|Jun 01, 2004|
Sara in Fairfax
*BIZZARE* but thought provoking treatment of feeding issues with SID componentMy daughter was not accepted into the Kluge feeding clinic. While I was disappointed to hear that, I expected it. They don't like to take very young children, and they don't want to take children that are too skinny (ironic as it seems). Primariy they are used to tube fed children being transitioned to oral feedings, and those children tend to be older and a little better nourished. So, they can bribe and/or reward older children better, and they can use hunger as a motivator. Anyway, the intake person, Polly, was very nice on the phone and we plan to keep in touch. She suggested Periactin, which I have heard a lot about. But, this is the strange part: she said they have seen major immediate improvements in children who have high sensory issues related to feeding with *PAXIL*, which "calms the nerves" in highly sensitive children. I was really surprised to hear Kluge uses that medication in their program. Anybody hear of this or try this?????
|Jun 01, 2004|
I can't say I've ever heard of this, but this is not an area I've had to get involved in yet either as my daughter used to be very enthusiastic about eating, even if she didn't keep any of it down! Interesting idea - "calming" the nerves. But, I would have a few words of caution for you if you're considering the use of Paxil, even later on, as I do have experience with Paxil with my older daughter when she was about 6yo. Feel free to e-mail me if you want more information: firstname.lastname@example.org.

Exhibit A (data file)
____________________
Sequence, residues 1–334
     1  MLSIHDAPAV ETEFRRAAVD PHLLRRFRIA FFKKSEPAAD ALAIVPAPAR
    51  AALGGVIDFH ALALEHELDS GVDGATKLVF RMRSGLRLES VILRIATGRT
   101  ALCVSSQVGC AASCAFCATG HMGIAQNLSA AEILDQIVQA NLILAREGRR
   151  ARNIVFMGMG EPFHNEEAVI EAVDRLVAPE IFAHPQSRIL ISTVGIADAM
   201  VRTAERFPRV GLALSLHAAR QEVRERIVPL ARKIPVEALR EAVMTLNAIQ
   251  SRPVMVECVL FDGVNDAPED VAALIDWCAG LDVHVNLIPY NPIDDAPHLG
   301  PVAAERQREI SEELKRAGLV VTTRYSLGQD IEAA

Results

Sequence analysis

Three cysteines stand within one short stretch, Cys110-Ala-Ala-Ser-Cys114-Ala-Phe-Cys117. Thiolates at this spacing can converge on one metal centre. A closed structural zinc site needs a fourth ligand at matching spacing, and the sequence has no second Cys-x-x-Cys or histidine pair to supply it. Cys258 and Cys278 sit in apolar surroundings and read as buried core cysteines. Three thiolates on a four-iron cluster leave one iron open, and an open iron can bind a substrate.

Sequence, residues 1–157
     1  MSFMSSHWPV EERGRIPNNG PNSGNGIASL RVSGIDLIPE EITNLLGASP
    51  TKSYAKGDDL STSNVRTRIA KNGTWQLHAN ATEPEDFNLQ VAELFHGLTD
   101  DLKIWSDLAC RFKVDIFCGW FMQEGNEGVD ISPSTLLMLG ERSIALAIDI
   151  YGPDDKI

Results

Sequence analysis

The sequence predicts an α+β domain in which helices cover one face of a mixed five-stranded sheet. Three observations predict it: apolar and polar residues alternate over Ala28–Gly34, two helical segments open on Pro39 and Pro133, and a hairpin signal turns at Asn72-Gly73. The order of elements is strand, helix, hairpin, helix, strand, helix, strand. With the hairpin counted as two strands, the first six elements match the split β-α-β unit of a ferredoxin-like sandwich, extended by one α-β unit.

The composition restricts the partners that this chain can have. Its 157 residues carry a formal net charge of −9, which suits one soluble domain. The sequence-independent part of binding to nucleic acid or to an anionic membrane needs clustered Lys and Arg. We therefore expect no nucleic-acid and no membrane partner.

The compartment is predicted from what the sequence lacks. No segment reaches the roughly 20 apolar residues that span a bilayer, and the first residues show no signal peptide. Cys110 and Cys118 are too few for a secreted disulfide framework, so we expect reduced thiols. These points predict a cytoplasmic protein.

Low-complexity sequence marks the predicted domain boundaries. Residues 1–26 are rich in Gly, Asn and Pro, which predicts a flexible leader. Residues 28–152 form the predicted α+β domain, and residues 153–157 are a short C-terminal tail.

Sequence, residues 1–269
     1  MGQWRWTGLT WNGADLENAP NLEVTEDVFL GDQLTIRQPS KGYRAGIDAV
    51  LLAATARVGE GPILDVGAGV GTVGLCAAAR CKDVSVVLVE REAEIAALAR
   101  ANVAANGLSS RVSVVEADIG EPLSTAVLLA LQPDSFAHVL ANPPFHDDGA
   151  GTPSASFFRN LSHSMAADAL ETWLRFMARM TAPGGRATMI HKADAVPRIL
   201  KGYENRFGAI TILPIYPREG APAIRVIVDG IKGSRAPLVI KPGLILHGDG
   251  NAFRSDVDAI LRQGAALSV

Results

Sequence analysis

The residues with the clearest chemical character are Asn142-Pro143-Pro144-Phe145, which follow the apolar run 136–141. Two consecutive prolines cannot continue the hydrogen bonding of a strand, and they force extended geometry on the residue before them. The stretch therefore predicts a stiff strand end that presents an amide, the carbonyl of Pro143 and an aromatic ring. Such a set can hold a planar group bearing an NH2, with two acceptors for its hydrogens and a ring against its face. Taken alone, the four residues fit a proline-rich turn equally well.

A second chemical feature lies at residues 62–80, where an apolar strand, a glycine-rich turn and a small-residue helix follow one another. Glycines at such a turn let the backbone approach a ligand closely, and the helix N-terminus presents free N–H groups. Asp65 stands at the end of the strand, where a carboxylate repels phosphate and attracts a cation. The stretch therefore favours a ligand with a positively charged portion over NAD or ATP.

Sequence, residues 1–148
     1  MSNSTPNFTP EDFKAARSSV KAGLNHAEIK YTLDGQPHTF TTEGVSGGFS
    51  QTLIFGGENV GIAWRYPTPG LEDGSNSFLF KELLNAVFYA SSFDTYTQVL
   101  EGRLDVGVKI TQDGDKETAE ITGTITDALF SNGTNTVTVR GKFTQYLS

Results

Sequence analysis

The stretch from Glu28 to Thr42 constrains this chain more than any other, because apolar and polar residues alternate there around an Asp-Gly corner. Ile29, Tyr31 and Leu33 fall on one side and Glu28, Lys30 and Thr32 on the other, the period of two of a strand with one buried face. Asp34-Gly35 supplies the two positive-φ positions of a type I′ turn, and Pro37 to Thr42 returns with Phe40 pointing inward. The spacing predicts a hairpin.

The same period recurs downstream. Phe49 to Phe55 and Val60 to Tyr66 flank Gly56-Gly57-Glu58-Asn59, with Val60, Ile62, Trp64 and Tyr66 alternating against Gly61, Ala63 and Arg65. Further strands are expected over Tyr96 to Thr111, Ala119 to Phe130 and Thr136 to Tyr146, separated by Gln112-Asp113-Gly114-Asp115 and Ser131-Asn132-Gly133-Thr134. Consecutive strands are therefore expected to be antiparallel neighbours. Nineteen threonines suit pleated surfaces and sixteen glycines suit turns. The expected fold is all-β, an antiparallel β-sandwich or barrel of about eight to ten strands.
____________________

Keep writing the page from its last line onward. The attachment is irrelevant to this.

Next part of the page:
|Jun 01, 2004|
You may be able to find another clinic that would accept your daughter. Jan Burns did an article about clinics in the Summer 2002 issue of Reflux Digest and listed serveral clinics (most on the east coast). Many inpatient programs do use a behavioral approach but others offer developmental or child-centered approachs. I have sent many children that I have seen on an outpaitient basis who have needed an inpatient program to Kennedy Krieger in Baltimore. They use a behavioral approach but do not have limits on age. The behavioral approach is not effective for all. My favorite would be New Visions in Va. It is run by Suzanne Evans Morris who is an occupational therapist. She is the guru of sensory integration and feeding disorders. Her program uses a sensory/ child-based approach to treatment. It is very expensive.
Also it is not new to use anti-depressant medication with children with "highly senstive" children and since SSRIs (like Paxil)are now approved for younger children they are also being used. I personally have seen children put on anti-depressant medications and sometimes they are somewhat effective but not necessarily in relation to feeding issues. It has given them a claming effect that sometimes allows other treatments to be more effective. I personally am more wary of SSRIs as some studies have shown them to increase anxiety.
|Jun 03, 2004|
Elizabeth in VA
SaraMy son went to Kluge last June. I am sorry to hear your daughter was not excepted. It is an awsome program and Polly is great. That being said the program did not work for my son. He did really well while we were there but he has had so many respitory virus' he has regressed quite a bit.